Poetry (ancient Greek: ποιεω (poieo) = I create) is an art form in which human language is used for its aesthetic qualities in addition to, or instead of, its notional and semantic content. In other words, poetry is not sucking up to semantics (which has to do with the meaning of a word, phrase, sentence, or text), it is about aesthetics. Aesthetics serve artistic perception or the artistic senses. A huge misconception in comprehending the value of art, is that art is (about) beauty.That is not correct. It is serving whatever feeds artistic sensibility, which evolves and changes, much faster than semantic and conventional notions of beauty.
Poetry is the art of language, and the only “structure” that cleaves to all poetry, is metaphor. (Don’t get me started.) By metaphor I do not mean what I learned in school. School almost killed my poetic / artistic sensibility. While I was learning to be a good writer, my precocious poetic sensibility was languishing because I was straddling my English teachers’ text book definition of metaphor and what I was beginning to grok about metaphor by reading Ezra Pound and E. E. Cummings and John Ashberry and Merwin just to name a few. Oh, I fought it! I fought my own evolution, trying to write like Wordsworth and even (smoke-and-mirrors) Dylan Thomas who was just as stuck as any of the old school but he was just good at throwing adjectives around. At the same time that I was reading Auden and Robert Lowell, Ashberry would write: “And hiding from darkness in barns / They can be grownups now / And the murderer’s ash tray is more easily — / The lake a lilac cube.” Huh? Who is they? Why did he break up the word “ashtray”? Why does he sort of but not quite end the third line with an Emily Dickenson dash, and how can the lake be a “lilac cube” unless he is not talking about a lake . . . It honestly did not occur to me that he might be trying to confuse. No, he was onto something. (Thanks to Ashberry and the great beat poets like Ginsburg) my poetic sensibility was firing up as early as 10th grade and I “graduated” from high school grammar long before I officially graduated.)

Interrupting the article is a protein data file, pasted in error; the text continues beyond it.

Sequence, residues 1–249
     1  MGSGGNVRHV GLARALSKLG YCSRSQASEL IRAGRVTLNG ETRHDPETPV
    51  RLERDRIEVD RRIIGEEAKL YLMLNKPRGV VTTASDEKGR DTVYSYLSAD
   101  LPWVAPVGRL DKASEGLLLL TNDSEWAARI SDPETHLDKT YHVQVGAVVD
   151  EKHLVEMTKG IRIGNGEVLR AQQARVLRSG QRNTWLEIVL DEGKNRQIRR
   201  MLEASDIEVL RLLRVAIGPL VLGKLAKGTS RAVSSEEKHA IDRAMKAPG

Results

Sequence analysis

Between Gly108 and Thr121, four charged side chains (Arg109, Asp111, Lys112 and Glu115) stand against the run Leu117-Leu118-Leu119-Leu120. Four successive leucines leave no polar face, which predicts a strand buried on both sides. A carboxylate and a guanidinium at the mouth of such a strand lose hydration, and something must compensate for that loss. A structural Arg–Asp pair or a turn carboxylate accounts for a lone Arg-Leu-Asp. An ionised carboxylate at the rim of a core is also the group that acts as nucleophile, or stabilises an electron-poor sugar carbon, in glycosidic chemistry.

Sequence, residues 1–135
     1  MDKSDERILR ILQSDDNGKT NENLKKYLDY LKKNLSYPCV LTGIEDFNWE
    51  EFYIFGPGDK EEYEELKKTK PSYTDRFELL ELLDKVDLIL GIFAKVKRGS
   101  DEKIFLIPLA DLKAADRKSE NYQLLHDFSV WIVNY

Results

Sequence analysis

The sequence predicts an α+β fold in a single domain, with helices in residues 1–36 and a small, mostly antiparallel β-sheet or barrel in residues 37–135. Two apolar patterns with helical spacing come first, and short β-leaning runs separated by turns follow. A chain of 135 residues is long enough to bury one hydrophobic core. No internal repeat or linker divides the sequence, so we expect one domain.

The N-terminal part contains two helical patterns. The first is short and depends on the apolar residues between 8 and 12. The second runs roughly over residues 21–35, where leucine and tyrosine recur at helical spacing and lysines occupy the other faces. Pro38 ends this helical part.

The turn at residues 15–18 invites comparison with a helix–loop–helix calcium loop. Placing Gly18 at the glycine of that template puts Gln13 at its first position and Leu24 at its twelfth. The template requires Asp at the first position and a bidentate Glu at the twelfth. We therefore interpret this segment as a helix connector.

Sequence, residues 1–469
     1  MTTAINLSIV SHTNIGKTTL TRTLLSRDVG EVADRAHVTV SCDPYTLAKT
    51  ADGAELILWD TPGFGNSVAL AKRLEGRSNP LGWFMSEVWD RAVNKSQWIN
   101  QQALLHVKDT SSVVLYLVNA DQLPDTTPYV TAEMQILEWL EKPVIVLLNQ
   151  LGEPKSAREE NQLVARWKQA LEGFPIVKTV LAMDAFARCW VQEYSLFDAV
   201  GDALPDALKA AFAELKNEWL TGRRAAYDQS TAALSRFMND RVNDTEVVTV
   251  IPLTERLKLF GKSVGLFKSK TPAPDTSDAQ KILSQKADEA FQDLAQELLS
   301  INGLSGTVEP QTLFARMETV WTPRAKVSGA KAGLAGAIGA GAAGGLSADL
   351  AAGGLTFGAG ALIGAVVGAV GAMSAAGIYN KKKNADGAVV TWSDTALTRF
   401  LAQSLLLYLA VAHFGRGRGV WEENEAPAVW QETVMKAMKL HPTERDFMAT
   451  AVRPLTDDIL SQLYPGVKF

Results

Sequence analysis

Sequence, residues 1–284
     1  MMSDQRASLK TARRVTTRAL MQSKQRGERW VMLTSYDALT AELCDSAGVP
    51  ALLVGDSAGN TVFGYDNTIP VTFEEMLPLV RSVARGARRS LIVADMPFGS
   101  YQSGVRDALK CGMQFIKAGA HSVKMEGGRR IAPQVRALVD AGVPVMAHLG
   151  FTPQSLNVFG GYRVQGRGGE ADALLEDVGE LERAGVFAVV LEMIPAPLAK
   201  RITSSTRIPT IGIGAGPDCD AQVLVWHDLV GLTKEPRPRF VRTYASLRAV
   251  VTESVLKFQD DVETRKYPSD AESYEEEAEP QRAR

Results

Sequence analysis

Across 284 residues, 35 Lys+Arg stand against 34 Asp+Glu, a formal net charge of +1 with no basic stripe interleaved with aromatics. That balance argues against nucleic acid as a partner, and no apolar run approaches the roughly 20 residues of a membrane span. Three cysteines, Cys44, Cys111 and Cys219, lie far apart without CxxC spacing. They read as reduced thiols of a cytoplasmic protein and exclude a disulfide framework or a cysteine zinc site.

Then there is a long, long chapter of how I dropped the poetic thread because I began to separate myself (as subject) from my disaster-of-a-country (object). I became politicized and got lost in a universe of the immoral them or they VS (angry conscientious pacifist) me. I picked up that thread when I was around 50, when my wife (of my second marriage) gave me a book of Rumi and I realized that poetry did not have to be self-centered! Ten years later Merwin died, which put him back on my radar (bless his soul): (Merwin:) “I inhabited the sound of hope walking on water”. . . Well, here there is a subject and an object and a verb but, see, what he is doing is granting hope enough substance or materiality to be able to walk, but he is saying it is both silent and weightless, so it is real but it is also a lot like a spirit . . . If that isn’t confusing enough he is saying that he is “inhabiting” this (soundless) sound of hope walking that isn’t really a sound at all but an image! . . . This is what a great poet does, he or she steals the fire of language from convention where it is smoldering, re-ignites its spirit and runs with this flame of language like an Olympic relay racer, as fast as possible to the hand-off point where they hand it off to the next runner.
That is what a poet worth their salt does.